Image courtesy Uni and her Ukulele.
After going through the worst cellphone experience we’ve ever heard, Chris got his cellphone canceled.
He did it by contacting Sprint Executive Customer Service, just like we’ve been telling you people over and over again. Chris writes:
“It’s all in wearing them down before they wear you down. I had to state repeatedly that, “Due to the level of customer service I expected as a basic part of the contract, and the profound lack of customer service that has been demonstrated by your company, I respectfully request to be released of this contract with no penalty.”
Evidently it’s like saying “beetlejuice” 3 times, because after I said it enough times, I was greeted with the option of repairing the bills and being assured of a great future with Sprint, or stating that I had completely lost faith in the company as a whole, and there was no way my future with Sprint could bring anything beyond more frustration and phone calls to Customer Service. She agreed to present my case to her peer group of analysts and call me back within 24 hours with an answer.
Within an hour, I received a phone call back stating that my account was being closed on a given date, and that it would be done so without penalty.”
You too can do it by calling 1-877-875-7505 and asking to speak with Gary Forsee, CEO and Director of Sprint. You won’t get to talk to him, but you will get to talk to someone who hast the power to say YES.
Read Chris’s horror story, inside…
- “You had asked me to write on this subject a while ago, and now that I’ve finally reached the final weekend of my time with Sprint, I can safely share the story of how I was released from my contract.
I signed up for service in June ’06 having been a prior customer of T-Mobile for some time. I was intrigued by the low prices I could get through my corporate discount, and wanted to reduce my monthly expenses. From the moment I signed the contract I should have listened to the pang coming from my stomach — I’d made a mistake it would take months to reverse.
I purchased average quality Sanyo phones and was supposed to receive a rebate for the cost of one of them. Initially I let Sprint set up numbers for me, as I was unsure if I was porting one or both of my T-Mo numbers over. Upon making that decision the next day, the store I purchased my phones from told me to call Customer Care and they’d do all the work for me. I called customer care to port one number to phone A, and to swap the Sprint number from phone A to phone B, because it was one of those “wow I can remember this number!” sort of situations. The representative took a while, told me to turn both phones off for 12 hours, and everything would be all set. Almost 24 hours later, no dice. Neither phone worked at all … nothing was active … I was dead without cell phones. Not only this, but my T-Mobile lines didn’t work either – so something had went wrong with the port.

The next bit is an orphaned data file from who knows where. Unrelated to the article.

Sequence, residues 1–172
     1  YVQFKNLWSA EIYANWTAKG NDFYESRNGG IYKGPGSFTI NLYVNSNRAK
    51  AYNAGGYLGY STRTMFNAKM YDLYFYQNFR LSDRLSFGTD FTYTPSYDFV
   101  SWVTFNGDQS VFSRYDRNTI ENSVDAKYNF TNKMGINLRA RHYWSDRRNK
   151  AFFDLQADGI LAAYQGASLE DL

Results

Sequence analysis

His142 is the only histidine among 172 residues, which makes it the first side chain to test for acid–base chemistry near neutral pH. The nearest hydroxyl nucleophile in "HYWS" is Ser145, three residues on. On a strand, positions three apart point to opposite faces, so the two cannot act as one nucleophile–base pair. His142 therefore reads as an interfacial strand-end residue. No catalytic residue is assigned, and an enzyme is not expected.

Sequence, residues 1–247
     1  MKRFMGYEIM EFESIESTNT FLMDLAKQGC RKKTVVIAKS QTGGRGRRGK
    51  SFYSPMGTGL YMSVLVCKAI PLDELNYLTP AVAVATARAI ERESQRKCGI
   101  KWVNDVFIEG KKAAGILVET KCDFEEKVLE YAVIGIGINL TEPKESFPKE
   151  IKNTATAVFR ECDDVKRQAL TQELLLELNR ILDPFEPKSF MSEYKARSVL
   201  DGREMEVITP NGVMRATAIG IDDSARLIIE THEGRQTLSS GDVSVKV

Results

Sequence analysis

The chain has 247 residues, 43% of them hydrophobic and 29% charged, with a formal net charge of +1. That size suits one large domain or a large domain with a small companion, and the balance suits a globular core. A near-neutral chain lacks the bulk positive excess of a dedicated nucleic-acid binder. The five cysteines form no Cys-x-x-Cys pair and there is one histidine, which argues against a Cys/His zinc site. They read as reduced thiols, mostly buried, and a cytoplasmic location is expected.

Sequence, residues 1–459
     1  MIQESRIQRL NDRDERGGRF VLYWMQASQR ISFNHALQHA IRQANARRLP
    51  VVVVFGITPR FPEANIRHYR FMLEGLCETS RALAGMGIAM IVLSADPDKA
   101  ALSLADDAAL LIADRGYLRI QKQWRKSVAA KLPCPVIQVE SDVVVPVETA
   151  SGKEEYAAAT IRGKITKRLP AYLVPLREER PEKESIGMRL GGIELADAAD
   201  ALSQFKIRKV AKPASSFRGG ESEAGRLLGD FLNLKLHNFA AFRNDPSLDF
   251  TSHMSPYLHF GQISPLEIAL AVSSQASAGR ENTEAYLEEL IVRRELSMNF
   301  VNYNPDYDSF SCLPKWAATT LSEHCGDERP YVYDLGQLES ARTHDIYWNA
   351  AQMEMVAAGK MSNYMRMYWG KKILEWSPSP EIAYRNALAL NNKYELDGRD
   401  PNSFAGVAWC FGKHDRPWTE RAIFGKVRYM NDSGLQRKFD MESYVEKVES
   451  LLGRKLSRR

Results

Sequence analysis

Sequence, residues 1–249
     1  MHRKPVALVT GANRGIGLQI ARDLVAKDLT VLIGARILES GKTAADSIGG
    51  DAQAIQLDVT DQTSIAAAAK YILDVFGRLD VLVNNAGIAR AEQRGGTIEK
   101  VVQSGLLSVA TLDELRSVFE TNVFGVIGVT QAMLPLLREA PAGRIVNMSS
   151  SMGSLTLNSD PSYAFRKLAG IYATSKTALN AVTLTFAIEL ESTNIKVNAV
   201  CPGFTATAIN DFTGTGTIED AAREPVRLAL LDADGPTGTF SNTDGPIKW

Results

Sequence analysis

I call and get another representative, who says he’ll complete the process again. He says this time it should only take 3-5 hours for Sprint to recognize my accounts and numbers, and that I should call back later in the day if there continue to be problems. I’ll remind everyone that a customer service phone call to Sprint is no short affair – you should bring a book, a snack, and in some cases a blanket to the couch, and be prepared for endless hold times.
Representative # 3 gets called 6 hours later … only this representative is in India. I understand the purpose of outsourcing, but I would expect people to be able to not only read the lines of scripted text, but also be able to comprehend what they meant so that they could choose the next scripted line to read to me. It should be more like one of those ‘choose your own adventure’ novels, and less like banging my head against a brick wall. Whatever this rep did, she basically canceled my account completely, caused $400 in termination fees, disabled both phones, and pretty much sent my blood pressure into the stratosphere.
The next morning I show up at my Sprint store, both phones in hand, boxed up and ready to throw. The assistant manager at the store had a horrendous attitude and it wasn’t until I opened up the wrath on her that she stopped speaking to me like I was the fat kid trying to ask the cheerleader to the prom. Between us, we spent almost 4 hours on the phone with customer care getting the account straightened out, and after a lot of “I can’t believe you people!” I was assured everything was taken care of.
If only things were that easy. Within a week the phones weren’t functioning properly .. I had no wireless web, no Ready Link, no nothing. Countless tiers of technical support tried to assist me with my problems, all being willing to work with me as best they could, and some even providing account credit for the inconvenience. I reached some technical guru who spent another two hours with me on the phone, reprogramming over and over until I could have applied for a technician position at Sanyo with my newfound knowledge. Still nothing.